BALTIMORE (WJZ) — Protesters held a car caravan in south Baltimore Wednesday evening ahead of Vice President Mike Pence’s Republican National Convention speech at Fort McHenry.
The protest, organized by the People’s Power Assembly, snaked through streets near Fort McHenry.
Demonstrators held signs reading Black Lives Matter and decrying recent cuts to the U.S. Postal Service.
— Rachel Menitoff (@RachelMenitoff) August 26, 2020
One of the event’s organizers said Baltimore hasn’t forgotten about President Donald Trump’s comments last year during a Twitter feud with the late Rep. Elijah Cummings during which he called Baltimore “a disgusting, rat and rodent infested mess.”
“Our strongest message is really to Pence, who also represents the president, for both of them to get out of Baltimore, that we feel they have created this kind of atmosphere of racism and hatred that’s not necessary and not welcome to come here,” organizer Sharon Black said.
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Black referenced the president’s harsh criticism of Baltimore last year, calling the city “a rat and rodent infested mess.”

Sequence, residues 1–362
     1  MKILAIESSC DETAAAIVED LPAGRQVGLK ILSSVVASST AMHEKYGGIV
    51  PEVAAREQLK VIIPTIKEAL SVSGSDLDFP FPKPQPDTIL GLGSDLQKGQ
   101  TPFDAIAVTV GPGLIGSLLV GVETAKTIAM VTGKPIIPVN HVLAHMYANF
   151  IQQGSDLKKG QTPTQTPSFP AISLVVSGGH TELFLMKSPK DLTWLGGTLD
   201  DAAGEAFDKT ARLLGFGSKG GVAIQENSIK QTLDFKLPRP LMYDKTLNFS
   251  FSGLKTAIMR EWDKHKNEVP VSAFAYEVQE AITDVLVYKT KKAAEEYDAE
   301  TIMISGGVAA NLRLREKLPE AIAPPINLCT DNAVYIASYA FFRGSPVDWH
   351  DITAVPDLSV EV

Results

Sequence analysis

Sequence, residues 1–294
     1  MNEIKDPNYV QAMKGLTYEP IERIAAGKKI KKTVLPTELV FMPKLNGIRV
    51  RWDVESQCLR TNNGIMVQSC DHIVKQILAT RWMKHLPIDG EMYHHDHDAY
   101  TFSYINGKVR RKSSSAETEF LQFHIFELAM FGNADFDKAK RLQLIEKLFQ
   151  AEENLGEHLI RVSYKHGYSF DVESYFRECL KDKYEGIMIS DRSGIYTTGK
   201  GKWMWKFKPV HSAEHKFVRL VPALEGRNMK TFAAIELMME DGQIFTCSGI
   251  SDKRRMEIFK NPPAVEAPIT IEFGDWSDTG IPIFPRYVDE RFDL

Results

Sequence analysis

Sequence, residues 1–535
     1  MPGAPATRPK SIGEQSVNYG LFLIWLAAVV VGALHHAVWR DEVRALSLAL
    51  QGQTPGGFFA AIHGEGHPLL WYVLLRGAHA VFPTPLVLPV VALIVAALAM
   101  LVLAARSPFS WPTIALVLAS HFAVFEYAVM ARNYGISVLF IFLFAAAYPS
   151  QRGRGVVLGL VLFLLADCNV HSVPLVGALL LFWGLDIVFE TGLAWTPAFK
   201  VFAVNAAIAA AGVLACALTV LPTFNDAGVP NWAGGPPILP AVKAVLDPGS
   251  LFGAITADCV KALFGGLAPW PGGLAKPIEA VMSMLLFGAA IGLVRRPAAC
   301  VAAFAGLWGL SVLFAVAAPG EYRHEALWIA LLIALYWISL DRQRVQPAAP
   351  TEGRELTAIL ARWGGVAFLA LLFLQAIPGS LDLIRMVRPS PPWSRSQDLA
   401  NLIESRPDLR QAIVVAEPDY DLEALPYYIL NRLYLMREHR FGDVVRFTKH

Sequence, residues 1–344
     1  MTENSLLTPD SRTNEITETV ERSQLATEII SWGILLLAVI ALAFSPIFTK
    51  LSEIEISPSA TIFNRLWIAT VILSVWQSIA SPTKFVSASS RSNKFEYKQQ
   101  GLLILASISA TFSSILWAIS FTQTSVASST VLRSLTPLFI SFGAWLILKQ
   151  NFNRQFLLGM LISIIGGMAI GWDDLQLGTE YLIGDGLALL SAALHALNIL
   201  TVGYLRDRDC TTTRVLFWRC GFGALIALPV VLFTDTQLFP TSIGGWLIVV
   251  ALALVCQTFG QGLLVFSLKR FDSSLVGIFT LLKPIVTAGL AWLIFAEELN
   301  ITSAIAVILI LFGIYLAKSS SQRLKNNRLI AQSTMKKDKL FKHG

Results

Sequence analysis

“We feel that they have created an atmosphere in this country of racism and hatred,” she said.
A number of Trump supporters also gathered outside Fort McHenry, including Ray Hinkle, who wrote a song on the president’s behalf and hopes to share it Wednesday night.
One man said he wrote a song on behalf of President Trump.
“The song says I used to be a Democrat, and that was a long dark time, and now I’m a Republican, I wake up with a great big grin because Trump put his life on hold to help America,” said Ray Hinkle.
The vice president’s choice of Fort McHenry to make his RNC speech drew criticism. Some said it’s inappropriate to use a federal facility for political gain.
“I think it’s pretty crass to have it be used for a political purpose, for one particular party, which is not representative of the entire nation,” said protester Andrew Farrell.
A handful of people watched Pence’s speech on their phones from outside, and other groups stuck around to hold up signs in protest for the duration of his time in Baltimore.